NEW YORK – “Reading on the rise” declares a new government study, which reports a surprising and welcome increase in the number of adults who recently read a novel, short story, play or other work of literature.
But the study also suggests that not every person who reads necessarily wants to.
According to “Reading on the Rise,” issued a week ago by the National Endowment for the Arts, just over half of the people surveyed 18 or older read some kind of literature in 2008, up from 46.7 percent in 2002, when the number had dropped by seven percentage points over the previous decade. NEA chairman Dana Gioia called the results “astonishing” and an “important new cultural trend.”
According to the survey, which reflects both online works and paper texts, reading rates increased for Blacks, Hispanics and Whites, for men and for women, for all levels of education and across virtually all ages. Reading among 18-to-24 year olds jumped from 42.8 in 2002 to 51.7 percent last year.
For much of the decade, Gioia and the NEA have warned of a crisis in literacy and have implemented numerous programs to encourage reading. In a preface to the new report, released shortly before Gioia steps down after heading the endowment for seven years, he cites a nationwide effort and says the results demonstrate that “our faith in positive social and cultural change was not misplaced.”
But the preface does not mention a countertrend: a drop among people not obligated to read. Adults who read books of any kind fiction or nonfiction, online or on paper that were not assigned by a teacher or employer dropped from 56.6 percent of adults in 2002 to 54.3 percent last year. The fall was greatest among those younger than 55.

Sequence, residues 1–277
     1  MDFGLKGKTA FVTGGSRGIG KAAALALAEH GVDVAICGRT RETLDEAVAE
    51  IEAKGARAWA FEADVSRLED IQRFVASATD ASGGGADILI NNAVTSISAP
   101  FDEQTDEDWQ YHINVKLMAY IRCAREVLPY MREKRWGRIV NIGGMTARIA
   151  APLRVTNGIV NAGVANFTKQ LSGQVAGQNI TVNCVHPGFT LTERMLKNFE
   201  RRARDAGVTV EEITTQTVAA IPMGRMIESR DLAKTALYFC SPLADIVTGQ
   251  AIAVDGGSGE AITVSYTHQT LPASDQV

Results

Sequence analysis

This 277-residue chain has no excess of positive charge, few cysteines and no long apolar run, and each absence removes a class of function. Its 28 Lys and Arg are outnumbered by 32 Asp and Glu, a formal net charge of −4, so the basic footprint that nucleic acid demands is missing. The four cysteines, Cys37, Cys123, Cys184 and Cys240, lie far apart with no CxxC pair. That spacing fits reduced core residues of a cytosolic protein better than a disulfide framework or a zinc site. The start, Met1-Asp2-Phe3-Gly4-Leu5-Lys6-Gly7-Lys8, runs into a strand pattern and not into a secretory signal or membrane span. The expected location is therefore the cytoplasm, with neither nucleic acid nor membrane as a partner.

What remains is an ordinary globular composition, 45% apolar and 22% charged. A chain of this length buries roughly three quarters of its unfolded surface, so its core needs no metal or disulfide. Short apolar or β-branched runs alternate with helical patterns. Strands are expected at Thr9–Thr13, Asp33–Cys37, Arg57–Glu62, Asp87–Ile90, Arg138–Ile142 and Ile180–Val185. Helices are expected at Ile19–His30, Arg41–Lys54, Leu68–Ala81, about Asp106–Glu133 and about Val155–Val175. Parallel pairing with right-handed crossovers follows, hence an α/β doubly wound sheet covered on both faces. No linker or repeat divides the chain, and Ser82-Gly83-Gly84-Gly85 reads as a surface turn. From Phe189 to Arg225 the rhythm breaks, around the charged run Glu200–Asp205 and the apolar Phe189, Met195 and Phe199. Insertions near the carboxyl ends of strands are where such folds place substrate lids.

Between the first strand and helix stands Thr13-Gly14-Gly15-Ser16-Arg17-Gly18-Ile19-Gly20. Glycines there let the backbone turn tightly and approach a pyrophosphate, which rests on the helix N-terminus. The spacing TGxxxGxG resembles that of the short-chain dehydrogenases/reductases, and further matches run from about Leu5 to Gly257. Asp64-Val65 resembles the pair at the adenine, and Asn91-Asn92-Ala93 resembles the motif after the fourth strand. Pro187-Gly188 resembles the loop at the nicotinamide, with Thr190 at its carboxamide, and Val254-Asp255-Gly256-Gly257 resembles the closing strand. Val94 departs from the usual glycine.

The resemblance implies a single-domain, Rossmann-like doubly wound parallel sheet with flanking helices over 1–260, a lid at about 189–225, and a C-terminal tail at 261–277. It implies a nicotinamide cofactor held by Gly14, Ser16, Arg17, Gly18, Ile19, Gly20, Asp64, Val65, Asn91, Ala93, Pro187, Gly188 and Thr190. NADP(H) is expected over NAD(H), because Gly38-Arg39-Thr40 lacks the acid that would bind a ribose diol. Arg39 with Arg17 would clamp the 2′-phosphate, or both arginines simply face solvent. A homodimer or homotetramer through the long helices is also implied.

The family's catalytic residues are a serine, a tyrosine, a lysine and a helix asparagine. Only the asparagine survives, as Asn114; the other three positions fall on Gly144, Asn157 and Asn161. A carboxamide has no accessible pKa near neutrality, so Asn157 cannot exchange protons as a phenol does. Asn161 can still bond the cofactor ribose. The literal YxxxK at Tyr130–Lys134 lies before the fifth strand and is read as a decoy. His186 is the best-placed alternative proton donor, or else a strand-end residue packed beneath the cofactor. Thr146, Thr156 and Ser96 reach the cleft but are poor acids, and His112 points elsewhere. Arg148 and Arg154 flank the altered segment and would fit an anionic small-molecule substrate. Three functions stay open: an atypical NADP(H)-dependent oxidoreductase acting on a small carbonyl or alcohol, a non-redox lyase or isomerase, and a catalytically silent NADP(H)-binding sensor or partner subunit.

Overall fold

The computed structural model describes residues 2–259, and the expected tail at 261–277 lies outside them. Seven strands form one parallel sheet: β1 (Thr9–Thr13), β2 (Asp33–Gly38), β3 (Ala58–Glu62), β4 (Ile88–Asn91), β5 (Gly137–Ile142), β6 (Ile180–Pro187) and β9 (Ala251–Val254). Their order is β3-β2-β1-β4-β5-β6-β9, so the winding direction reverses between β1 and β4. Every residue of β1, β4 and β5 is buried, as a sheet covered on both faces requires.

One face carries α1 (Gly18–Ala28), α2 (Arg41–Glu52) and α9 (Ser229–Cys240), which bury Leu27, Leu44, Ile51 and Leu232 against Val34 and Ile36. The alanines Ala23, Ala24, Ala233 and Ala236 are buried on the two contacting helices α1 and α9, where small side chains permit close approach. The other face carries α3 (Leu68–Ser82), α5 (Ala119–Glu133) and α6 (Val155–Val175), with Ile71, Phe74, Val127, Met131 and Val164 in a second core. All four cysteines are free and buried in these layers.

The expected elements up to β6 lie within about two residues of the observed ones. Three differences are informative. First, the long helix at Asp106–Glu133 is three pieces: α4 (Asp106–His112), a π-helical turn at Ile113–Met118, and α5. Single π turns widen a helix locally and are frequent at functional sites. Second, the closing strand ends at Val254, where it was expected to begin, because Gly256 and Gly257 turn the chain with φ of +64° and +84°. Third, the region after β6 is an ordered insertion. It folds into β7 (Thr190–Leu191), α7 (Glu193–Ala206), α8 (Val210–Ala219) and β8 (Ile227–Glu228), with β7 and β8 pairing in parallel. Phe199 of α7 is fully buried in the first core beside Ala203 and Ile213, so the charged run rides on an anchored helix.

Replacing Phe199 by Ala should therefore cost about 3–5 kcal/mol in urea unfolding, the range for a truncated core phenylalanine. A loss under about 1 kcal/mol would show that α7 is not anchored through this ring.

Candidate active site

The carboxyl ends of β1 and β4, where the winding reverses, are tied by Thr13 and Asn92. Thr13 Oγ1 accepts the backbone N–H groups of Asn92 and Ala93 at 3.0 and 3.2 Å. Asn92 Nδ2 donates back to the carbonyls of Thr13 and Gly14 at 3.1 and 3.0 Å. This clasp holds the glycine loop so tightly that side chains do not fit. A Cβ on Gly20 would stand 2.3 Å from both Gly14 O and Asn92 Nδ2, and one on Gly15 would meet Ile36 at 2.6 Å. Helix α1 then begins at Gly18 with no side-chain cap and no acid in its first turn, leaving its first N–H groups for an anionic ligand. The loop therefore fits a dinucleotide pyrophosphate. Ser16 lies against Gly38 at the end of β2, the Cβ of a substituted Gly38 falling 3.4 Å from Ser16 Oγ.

And while the number of adults who say they read a non-required book is 3.5 million higher than in 2002, the report notes that that the total adult population increased by 19 million, meaning an increase in the number of people who didn’t voluntarily read books of 15.5 million, a huge disparity confirmed by NEA research director Sunil Iyengar.
Gioia believes the NEA report is essentially positive, if only because good news about reading is so rare, but he adds that “we’re still in a culture in which all kinds of reading are under pressure” from other forms of leisure and entertainment.
The NEA chair, himself a published poet, doesn’t have a definitive answer to the large gap between voluntary readers and reading overall. He speculates, “just a hypothesis,” about a large subgroup of “shallow readers,” people who feel compelled to take on a book for a class or a reading program but are not inspired to finish the text or to read independently.
“We have so many of these programs around the country, and I always tell our people that we can’t expect to make permanent readers out of everyone,” he says.
“So have we become a nation of Lionel Trillings”? asks Gioia, referring to the late and supremely erudite literary critic. “The answer is absolutely not yet.”
The NEA report, based on a sample of more than 18,000 adults, is based on data gathered in partnership with the U.S. Census Bureau.
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